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Top Tips IStructE Part 3 Exam

For those who would like to know say you have had a look at a set of past papers, and you are
thinking of taking it on here are my My Top-Tips to passing the IStructE Part 3 Exam.
Edit by the way, if you have a read of this and have a related or similar question on the Exam,
Id be more than happy to have a go at helping out. Check the Contact page to find the address
to ping me an email, or use the comments section at the bottom of the page
1. Read the question. This sounds really obvious, doesnt it? But every year, the examiners
write a report on how the candidates as a whole have done. And there is a certain macabre
pleasure in seeing how they have chosen to phrase the candidates failed to read and answer the
question
for
that
particular
year.
I think it is a case that, as human beings, we like to read and use our imagination at the same
time. So we miss out bits that are there, add in things either in fear or from wishful thinking, and
subconsciously mould the question away from what is staring us in the face.
So
fight
it.
Use whatever technique that works for you to draw out the key information, so you clearly
know the client brief and key design information, always checking you are answering
the actual question. You could get a highlighter pen out, colour in the important facts, issues and
data on the paper itself Another way is to write it out as bullet points in your answer paper, cross
checking as you go.
2. Practice doing the exam. Now, I know, this again sounds obvious, but bear with me. What I
am suggesting you do is take a past paper you have not read or seen before, bring all of the
material you propose to take into the exam, and go off somewhere to shut yourself away for
seven
hours
and
replicate
exam
conditions.
You will find that you will run out of time. You will find that the way you have organised your
design references is useless. Your two structural options are not different enough, as you have
fallen into the trap of having a variation on theme, only separated by a steel design and a
concrete design. You cannot get a decent drawing together. Your calculations are incomplete.
And
that
it
is
all
impossible.
Do not despair at this point. At least you have found out now and not in the exam itself.
You can now fine-tune your design information into that stuff you have time to refer to and
this typically is one large lever-arch file only. You will be able to draw up a timetable that
forces you to focus your effort to where the marks lie for you. Then practice a few more
questions with this, fine tune some more. You will get better at the conceptual designs, and your
drawings
and
calculations
will
improve.

Come the exam itself, you will be thoroughly bored of it all. But this is good because it means
that you will no longer be scared of it.
3. Learn to draw free hand and in proportion by which I mean free-hand sketches that are
in proportion, so that a line that is 10m long in one part of your sketch is the same length of
something that is 10m long in another. And if you can do this free-hand, and get to a neat-enough
standard, you will be able to find it as a really useful tool. You will be able to quickly explore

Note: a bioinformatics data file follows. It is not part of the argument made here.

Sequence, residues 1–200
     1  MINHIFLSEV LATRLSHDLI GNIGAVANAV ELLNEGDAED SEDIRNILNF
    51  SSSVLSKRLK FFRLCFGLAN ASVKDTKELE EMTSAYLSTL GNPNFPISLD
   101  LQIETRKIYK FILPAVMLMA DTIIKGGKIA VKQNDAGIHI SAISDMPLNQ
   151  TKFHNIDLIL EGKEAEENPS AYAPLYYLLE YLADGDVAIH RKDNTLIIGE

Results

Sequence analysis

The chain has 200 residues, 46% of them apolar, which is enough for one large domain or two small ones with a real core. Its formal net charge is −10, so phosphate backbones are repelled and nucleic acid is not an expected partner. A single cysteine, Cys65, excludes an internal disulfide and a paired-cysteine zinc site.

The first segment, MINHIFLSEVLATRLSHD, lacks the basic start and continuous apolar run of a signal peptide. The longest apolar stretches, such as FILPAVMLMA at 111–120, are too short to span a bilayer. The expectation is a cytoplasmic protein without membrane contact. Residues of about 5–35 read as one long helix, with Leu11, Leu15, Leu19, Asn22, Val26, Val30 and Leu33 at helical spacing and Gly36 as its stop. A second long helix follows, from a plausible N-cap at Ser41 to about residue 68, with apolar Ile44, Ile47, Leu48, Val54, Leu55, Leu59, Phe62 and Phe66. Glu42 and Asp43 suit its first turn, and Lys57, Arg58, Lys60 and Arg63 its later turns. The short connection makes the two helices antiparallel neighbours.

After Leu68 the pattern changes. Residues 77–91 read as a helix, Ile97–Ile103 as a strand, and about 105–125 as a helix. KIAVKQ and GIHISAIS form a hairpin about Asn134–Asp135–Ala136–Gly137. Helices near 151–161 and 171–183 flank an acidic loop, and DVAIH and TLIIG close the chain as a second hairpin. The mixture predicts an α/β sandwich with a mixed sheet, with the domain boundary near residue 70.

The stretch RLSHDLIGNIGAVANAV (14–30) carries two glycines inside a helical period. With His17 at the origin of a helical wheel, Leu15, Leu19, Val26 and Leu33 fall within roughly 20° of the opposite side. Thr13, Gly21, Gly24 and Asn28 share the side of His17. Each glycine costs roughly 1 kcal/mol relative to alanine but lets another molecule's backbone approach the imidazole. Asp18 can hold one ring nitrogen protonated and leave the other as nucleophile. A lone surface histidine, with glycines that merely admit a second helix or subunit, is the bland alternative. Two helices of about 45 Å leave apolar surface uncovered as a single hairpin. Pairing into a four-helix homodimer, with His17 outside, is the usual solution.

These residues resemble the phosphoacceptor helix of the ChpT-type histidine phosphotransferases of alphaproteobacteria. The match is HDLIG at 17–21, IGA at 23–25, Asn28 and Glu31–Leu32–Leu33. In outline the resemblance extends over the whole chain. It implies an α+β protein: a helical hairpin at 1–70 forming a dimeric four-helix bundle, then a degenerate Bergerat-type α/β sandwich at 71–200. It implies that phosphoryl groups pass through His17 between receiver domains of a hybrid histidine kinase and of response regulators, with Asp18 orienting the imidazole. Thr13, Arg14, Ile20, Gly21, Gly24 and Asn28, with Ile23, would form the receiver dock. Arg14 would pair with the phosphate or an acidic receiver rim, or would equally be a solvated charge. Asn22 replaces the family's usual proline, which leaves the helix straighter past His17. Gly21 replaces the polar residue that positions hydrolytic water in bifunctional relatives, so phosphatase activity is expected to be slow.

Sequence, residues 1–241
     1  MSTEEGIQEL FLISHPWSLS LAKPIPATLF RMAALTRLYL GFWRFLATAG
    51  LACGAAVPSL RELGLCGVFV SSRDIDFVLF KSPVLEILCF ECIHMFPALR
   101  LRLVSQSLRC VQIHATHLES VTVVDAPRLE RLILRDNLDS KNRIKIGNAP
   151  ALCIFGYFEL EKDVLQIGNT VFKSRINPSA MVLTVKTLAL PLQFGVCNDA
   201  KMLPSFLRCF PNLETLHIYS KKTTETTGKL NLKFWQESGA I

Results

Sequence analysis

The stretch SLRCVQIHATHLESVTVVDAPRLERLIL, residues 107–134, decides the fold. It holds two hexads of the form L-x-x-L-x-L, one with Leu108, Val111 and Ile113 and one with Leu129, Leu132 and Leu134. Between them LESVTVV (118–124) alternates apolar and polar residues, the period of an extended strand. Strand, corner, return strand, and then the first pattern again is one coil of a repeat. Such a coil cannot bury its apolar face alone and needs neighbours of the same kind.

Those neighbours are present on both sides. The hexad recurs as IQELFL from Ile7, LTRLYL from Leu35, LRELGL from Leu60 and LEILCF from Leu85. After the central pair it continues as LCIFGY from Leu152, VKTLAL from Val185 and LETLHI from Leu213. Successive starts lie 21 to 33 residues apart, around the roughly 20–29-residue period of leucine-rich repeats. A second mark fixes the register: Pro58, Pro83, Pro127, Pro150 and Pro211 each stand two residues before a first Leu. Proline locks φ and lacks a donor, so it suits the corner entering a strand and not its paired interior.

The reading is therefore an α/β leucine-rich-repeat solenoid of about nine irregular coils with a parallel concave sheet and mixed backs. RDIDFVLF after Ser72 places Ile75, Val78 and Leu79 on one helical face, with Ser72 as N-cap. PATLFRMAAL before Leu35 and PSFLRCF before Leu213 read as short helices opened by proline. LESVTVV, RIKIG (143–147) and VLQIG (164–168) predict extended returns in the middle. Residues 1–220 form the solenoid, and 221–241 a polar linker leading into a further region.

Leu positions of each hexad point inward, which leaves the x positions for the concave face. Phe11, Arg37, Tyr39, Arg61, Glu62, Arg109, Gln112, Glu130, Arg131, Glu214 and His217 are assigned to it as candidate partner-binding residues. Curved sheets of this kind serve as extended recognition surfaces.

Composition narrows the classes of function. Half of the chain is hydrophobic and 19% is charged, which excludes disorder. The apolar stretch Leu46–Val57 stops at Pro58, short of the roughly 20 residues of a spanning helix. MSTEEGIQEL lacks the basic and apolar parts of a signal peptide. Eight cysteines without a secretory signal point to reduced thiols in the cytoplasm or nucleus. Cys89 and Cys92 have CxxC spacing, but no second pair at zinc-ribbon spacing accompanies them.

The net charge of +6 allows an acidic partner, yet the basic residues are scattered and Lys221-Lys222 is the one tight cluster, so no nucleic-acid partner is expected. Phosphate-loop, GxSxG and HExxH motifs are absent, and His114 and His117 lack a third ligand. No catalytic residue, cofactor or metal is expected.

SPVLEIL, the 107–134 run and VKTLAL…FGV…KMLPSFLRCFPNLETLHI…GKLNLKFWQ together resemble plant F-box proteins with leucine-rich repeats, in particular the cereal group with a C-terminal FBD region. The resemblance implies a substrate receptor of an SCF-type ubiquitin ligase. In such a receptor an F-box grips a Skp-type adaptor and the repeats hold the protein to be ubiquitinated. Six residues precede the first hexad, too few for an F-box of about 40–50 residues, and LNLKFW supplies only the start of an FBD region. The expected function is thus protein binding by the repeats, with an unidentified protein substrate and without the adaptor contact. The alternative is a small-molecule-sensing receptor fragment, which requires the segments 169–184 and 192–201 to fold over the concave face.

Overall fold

different structural options, test the brief constraints, explain load paths, do a visual analysis to
see if the layout or beam depths look right.
4. The Exam Question is Your Friend and Your Enemy okay, I am not being too serious
here. Of course, if you dont pick one of the questions, you dont pass your exam, so it is neither
friend nor foe. But in my more paranoid moments when I was doing my preparation, I swear the
Examiners
had
it
in
for
me.
I began to believe that eight questions out of ten had a red herring an item of spurious
information that, upon close examination, has no bearing on the client brief and is useless
design information when looking for the solutions. So I began to test every piece of
information in the question, asking myself why have they put that there? often finding that
nearly all of it was directing me to a certain set of viable structural alternatives, or setting a key
criteria in the brief that, had I missed it, would have led to automatic failure.
I also learned to completely distrust the diagram provided as it never seemed to be drawn in
proportion now a cardinal sin and sometimes would want to mislead me into thinking there
were design constraints that were not in the text of the question, or vice versa. As it is the text
that is king, I got into the habit of drawing out the diagram again on my answer paper, free-hand
and in proportion, carefully cross checking I had it right, and then ignoring the provided diagram
for the rest of the day.
5. Get
of
much
advice
as
you
can,
but
beware
be
cause it may have come from an engineer who only just scrapped a pass. That includes me. Who
knows? Youve no idea at what hour Ive written this blog post, for instance.
This exam is a test of your engineering judgment, to see whether you have developed this skill
sufficient for you to become a Chartered Structural Engineer. It is not the responsibility of
anyone other than you to pass that exam. This is old school! So test out any advice in your exam
practice. Attend a preparations course if you can. Chat to any Chartered Structural Engineers that
you know. Have a look at the resources on the internet Ive seen a few, so look around,

particularly the IStructE exam guidance pages and past Examiners Reports. Then compare all
the advice you have received, see how it works for you and them make up your own mind.
I may come back here to edit and add if any more Top Tips pop up, either as a result of feedback
below, or if another good one is suggested as I help during my next two slots at the ten-week
Midland Counties preparation course. (click here for branch details)